GDG- Neither this Capital nor Harpers Ferry could long hold out agains...

John Lawrence jlawrence at
Wed Jan 25 20:33:34 CST 2012

 Barnard took it over and extended it.

CWMHTours at wrote:

>Esteemed GDG Member Contributes:
>That's good info, Jack.
>I should look into Meade's work on the forts. 
>In both of Ben Coolledge's books "Mr Lincoln's Forts" and  "Sword and 
>Shield"  I don't recall his name being mentioned.
>For the bulk of the war it was mostly Gen John Barnard who  kept tweeking 
>the forts,  moving cannon around, Etc.
>One smart thing he did was to build Ft Craig, near the modern  DIA outside 
>of Ft. Myer.  It prevented to Conf's from using the hill as an  arty 
>position against the forts outside Arl Cem.
>John Barnard leaves a good military legacy.
>I will look into Meade.  He probly was up at Ft  Pennsylvania-  later Ft 
>Great....  This is just great....  When there is  some historical question 
>like this I don't sleep at night until I chase it down  and get an answer....
>Dammit, Jack....  Now you're gonna cost me another night  of sleep trying 
>to find out what Meade on the forts in DC.
>Dammit!   I need my sleep.....   Beauty  rest-  I am getting uglier as I 
>A  Loyal Neo-Anti Unionist,
>In a message dated 1/25/2012 8:15:55 P.M. Eastern Standard Time,  
>jlawrence at writes:
>Esteemed  GDG Member Contributes:
>In 1861,  Meade was put in command 
>of the  Department of the Potomac, not to be confused with the Army of the 
>Potomac. As  commander of the Department, he was responsible for the defense 
>of Washington.  Under the direction of general Halleck, the defenses were 
>constructed, Meade  being directly responsible.
>I'm not sure where you are coming from on your  criticisms of numbers of 
>the defenders.
>The topic at hand is how well the  defense was staffed had Lee forced 
>himself  to
>the gates.
>My  thought was that should Lee had attacked Washington, it would not be is 
> impregnable as some seem to think.
>Not sure what your tirade is all about  bit is good to deal with a man of 
>CWMHTours at wrote:
>>Esteemed GDG Member  Contributes:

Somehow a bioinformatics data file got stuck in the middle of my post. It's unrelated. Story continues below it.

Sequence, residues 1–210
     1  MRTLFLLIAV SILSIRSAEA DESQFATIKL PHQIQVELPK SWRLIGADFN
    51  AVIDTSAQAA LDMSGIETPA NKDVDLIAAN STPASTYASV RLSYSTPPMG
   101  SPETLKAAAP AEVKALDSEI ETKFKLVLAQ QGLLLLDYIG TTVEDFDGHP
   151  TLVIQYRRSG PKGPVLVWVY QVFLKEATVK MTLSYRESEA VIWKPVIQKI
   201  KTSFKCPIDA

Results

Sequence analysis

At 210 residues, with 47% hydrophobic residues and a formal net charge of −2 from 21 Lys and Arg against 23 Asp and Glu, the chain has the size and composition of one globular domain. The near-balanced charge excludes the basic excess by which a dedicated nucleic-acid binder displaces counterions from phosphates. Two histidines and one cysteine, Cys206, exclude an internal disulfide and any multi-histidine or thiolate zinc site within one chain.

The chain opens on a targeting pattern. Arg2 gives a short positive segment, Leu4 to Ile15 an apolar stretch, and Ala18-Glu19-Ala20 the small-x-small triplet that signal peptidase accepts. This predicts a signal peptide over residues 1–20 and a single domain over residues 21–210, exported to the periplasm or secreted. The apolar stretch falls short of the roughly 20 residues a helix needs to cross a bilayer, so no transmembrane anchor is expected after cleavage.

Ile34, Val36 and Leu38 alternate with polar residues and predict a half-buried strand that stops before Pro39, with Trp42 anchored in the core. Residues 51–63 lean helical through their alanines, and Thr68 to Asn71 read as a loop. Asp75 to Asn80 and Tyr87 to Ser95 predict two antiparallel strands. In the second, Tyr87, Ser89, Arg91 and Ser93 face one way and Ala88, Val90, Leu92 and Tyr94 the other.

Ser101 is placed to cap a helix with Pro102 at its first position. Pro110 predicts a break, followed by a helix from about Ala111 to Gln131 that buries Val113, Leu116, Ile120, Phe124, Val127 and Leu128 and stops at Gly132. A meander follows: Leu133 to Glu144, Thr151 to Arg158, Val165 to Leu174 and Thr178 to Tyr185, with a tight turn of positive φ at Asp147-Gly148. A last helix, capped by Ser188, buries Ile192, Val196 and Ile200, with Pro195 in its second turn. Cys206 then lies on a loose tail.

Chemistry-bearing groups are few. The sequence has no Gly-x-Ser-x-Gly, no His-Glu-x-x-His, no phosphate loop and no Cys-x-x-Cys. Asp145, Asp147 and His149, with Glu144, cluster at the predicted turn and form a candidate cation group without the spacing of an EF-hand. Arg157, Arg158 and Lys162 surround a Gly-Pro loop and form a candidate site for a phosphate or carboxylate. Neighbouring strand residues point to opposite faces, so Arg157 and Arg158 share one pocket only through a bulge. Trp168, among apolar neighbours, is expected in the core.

>>;-{)   !!!!
>>Meade had nothing to do with the Circle of Forts  around  DC.  Where do 
>>come by  that?
>>"Not fully manned"...  It was NOT intended to be fully   manned except in 
>>the case of a military emergency.  Ie July   1864.
>>There was 30K troops, trained as Heavy Arty.  They  knew  how to shoot a 
>>100lb Parrott which is not something you  undertake lightly.   These guys 
>>damn good  professionals.
>>Not fully manned....What do you want them to  do? Stand at full  alert 
>>the ramparts when there was no  Rebel withing 20 mi?
>>The Circle of Forts was in constant  flux,  Gen John  Barnard, et all were 
>>always trying to tweek  the defenses just a little  better.  They did a 
>>good  job.
>>You don't need to man the ramparts when there is no  one  around.  When 
>>were not skinny dipping in the  Potomac or partaking of  the 600+ brothels 
>>[I think that # is in  Margaret Leech's book "Reveille in  Washington"  
>>-Fabulous  book.  You gotta buy it.  It is very  hooomoorous.]
>>"AoP was first line of defense for DC"   No no   no!
>>First line of defense was the forts.
>>The  AoP could go away and with 30k men plus the Veteran  Reserve,  plus  
>>staff of the Navy Yard, plus the quartermaster corps in  west  DC and 
>>Georgetown, plus the quartermaster staff in Alexandria, plus  the  
>>staff at Giesboro Point manning the re-horse  station that's a LOT  of